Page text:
On June 20, 2022, the New York Attorney General (NYAG) announced a consent agreement (called an Assurance of Discontinuance) with Northeast grocery chain Wegmans for, among other things, violations of the SHIELD Act requirements.  Wegmans does not confirm or deny the NYAG’s findings.

In brief, on April 5, 2021, a security researcher contacted Wegmans about a serious flaw the left some of Wegmans’ customers’ personal data available to the public.  After receiving no response for a week, he tried again.  This time Wegmans responded, and discovered he was right, that a cloud storage container was left unsecured and open to public access, potentially exposing sensitive information.  The container had a database backup file with over three million records of customer email addresses and account passwords, the latter of which were hashed and salted. Wegmans concluded the misconfiguration was introduced when the container with the database was set up, back in January 2018.  During its investigation, Wegmans found a second misconfigured container, which was also open to public access. This container  held names, email addresses, mailing addresses, and checksum values derived from driver’s license numbers. Wegmans believed the misconfiguration was also introduced when the container with the database was set up, this time in November 2018. Wegmans updated the container configurations to prohibit public access on May 12, 2021 and notified consumers.

The NYAG faulted Wegmans on five security areas:  access controls, password management, asset management, logging and monitoring, and data collection and retention.  With respect to password management and data collection and retention, the consent agreement states:

Password Management: At the time of the Incident, the database backup containing Customer email addresses and passwords contained over 1.8 million passwords that were hashed using the SHA- I hashing algorithm. Given the deficiencies of SHA-I hashing, Wegmans started transitioning users to the PBKDF2 hashing algorithm to secure passwords in 2016, but nevertheless continued to store passwords with SHA- I until January 2020. Users who logged in starting in 2016 would automatically have their password hash updated to use the PBKDF2 algorithm. However, if a user had not logged in between 2016 and the date the database backup file was created, their credentials would still have been stored using the SHA- I format.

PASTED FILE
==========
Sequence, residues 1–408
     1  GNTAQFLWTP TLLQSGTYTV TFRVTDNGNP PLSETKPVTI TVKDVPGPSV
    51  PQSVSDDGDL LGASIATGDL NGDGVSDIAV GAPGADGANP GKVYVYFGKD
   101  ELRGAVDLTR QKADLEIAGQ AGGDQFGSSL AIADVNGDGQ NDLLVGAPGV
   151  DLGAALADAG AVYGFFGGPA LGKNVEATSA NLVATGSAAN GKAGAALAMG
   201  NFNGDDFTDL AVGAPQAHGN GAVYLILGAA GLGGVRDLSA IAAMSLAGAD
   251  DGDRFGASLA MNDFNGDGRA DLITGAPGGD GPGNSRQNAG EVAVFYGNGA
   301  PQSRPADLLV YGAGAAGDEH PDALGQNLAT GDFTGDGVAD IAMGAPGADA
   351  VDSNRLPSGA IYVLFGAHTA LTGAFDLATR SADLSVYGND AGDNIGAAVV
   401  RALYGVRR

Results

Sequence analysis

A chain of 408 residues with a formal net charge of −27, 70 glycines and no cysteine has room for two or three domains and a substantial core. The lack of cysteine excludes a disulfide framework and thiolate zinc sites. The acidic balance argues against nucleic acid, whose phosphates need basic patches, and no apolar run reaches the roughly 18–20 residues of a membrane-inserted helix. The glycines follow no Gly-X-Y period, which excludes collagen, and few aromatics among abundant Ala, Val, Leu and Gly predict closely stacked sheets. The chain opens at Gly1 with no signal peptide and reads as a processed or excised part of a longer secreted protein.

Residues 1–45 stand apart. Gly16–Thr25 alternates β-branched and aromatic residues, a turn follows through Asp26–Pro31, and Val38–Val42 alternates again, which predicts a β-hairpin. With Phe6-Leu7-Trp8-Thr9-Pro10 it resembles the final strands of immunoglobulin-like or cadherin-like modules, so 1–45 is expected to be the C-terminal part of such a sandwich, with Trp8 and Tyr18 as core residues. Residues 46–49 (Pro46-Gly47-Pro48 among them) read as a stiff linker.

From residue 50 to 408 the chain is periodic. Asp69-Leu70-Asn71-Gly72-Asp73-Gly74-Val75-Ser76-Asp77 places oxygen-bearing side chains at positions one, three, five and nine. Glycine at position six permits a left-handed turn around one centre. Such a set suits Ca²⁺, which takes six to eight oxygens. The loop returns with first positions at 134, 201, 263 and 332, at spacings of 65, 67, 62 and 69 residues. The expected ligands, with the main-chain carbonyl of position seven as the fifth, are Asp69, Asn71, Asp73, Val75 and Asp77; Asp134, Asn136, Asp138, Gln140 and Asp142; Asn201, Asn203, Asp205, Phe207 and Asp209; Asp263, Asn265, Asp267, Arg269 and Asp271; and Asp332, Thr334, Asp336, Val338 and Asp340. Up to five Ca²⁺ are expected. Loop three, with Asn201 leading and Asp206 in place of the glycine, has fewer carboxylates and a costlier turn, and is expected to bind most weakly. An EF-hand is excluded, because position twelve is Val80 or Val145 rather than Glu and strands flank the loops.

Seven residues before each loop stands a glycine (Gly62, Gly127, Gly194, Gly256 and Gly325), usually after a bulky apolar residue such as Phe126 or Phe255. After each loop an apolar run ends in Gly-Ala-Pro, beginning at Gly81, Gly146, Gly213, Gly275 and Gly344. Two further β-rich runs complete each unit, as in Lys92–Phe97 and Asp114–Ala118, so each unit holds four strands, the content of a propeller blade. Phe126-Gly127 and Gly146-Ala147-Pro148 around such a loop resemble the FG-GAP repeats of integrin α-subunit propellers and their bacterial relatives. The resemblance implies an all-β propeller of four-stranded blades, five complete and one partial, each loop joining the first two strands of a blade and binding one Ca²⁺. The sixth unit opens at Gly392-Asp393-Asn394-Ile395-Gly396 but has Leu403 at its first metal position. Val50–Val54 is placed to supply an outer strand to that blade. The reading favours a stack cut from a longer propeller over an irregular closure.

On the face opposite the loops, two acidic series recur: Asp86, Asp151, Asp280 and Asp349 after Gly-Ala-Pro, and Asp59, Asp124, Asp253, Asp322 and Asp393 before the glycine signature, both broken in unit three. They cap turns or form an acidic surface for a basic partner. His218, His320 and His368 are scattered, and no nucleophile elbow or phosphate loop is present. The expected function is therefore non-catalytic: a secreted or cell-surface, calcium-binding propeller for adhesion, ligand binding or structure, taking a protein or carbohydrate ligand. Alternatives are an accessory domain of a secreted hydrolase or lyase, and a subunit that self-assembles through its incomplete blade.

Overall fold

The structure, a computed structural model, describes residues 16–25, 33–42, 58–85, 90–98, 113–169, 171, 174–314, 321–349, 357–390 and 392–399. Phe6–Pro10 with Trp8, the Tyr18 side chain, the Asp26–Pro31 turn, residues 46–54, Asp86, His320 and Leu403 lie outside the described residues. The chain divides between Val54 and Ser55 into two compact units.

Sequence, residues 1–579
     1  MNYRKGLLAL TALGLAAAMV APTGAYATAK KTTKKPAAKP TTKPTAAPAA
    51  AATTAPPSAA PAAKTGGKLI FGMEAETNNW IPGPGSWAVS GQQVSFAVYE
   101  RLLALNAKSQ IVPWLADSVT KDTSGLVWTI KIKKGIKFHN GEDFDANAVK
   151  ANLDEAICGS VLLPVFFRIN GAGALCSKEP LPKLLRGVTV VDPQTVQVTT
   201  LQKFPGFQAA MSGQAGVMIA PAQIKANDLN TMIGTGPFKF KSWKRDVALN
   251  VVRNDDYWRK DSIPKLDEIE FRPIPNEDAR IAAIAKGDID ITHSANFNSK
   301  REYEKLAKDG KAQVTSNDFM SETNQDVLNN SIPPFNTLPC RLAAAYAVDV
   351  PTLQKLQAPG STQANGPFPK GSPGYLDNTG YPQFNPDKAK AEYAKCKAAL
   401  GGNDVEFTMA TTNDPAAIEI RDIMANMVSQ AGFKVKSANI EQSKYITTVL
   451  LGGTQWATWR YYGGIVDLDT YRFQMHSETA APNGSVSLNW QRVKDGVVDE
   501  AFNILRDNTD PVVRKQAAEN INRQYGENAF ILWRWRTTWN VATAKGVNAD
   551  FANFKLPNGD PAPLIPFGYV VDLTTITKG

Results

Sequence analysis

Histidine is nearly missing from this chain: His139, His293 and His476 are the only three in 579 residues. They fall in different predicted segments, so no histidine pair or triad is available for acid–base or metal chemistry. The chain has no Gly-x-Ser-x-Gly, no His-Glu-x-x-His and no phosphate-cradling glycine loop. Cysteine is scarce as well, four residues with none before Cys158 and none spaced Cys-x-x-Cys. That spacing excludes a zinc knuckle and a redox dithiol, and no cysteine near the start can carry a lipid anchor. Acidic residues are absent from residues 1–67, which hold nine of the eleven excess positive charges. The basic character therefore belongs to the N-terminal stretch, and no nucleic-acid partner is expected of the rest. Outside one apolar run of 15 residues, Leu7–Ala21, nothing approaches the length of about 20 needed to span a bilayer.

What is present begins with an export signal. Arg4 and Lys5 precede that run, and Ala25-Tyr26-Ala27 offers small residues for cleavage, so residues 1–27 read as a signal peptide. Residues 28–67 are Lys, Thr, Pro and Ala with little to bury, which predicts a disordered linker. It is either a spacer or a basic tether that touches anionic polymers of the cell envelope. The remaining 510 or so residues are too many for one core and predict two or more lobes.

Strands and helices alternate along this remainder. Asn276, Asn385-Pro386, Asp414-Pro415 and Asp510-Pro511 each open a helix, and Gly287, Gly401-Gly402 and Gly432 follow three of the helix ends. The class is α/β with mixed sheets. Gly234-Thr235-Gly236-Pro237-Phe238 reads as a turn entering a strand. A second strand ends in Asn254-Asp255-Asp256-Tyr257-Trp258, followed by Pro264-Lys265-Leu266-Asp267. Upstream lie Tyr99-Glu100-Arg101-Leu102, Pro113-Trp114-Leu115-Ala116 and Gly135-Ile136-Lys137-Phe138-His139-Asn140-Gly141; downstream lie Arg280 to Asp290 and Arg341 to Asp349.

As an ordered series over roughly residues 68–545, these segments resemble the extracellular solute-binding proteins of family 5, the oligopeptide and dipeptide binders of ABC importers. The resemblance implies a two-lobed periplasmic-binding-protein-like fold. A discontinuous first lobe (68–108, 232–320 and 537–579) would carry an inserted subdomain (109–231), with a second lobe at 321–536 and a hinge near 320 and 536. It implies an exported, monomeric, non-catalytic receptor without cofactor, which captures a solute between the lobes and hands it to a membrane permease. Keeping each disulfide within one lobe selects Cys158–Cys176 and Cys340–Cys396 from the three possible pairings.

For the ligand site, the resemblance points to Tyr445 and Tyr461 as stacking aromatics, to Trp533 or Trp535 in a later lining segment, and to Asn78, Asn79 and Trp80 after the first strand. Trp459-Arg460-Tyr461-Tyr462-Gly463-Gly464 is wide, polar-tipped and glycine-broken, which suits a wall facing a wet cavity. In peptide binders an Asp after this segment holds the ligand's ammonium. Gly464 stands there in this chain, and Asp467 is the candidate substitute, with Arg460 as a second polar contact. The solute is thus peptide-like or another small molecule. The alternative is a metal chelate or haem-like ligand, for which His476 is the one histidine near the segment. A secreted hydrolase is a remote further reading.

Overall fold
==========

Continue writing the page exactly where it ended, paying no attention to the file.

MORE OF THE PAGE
Data Collection and Retention: The affected information included checksums derived from Customers’ driver’s license numbers. However, Wegmans did not have a reasonable business purpose for maintaining any form of driver’s license information indefinitely. Checksums are not immune from attack and therefore cannot justify the maintenance of unnecessary Personal Information.

As part of the settlement, Wegmans agreed to pay $400,000, and take a variety of actions frequently seen in security-related consent agreements, such as:  a written information security program, asset management (including cloud assets), retention of logs (“Logs for Cloud asset activity should be readily accessible for a period of at least 90 days and stored for at least one year from the date the activity was logged.”), annual penetration testing, an annual third-party assessment for the next 3 years, password policies, and customer account management and authentication.   Some of the more unusual requirements are:

  • Asset Management: Wegmans shall utilize manual processes and, where practicable, automated tool(s) to regularly inventory and classify, and issue internal reports on, all Cloud assets contained within its Network, including but not limited to all software, applications, network components, databases, data stores, tools, technology, and systems. The asset inventory as well as applicable configuration and change management systems shall, at a minimum, collectively identify: (a) the name of the asset; (b) the version of the asset; (c) the owner of the asset; (d) the asset’s location within the Network; (e) the asset’s criticality rating; (f) whether the asset collects, processes, or stores Personal Information; and (g) each security update and security patch applied or installed during the preceding period.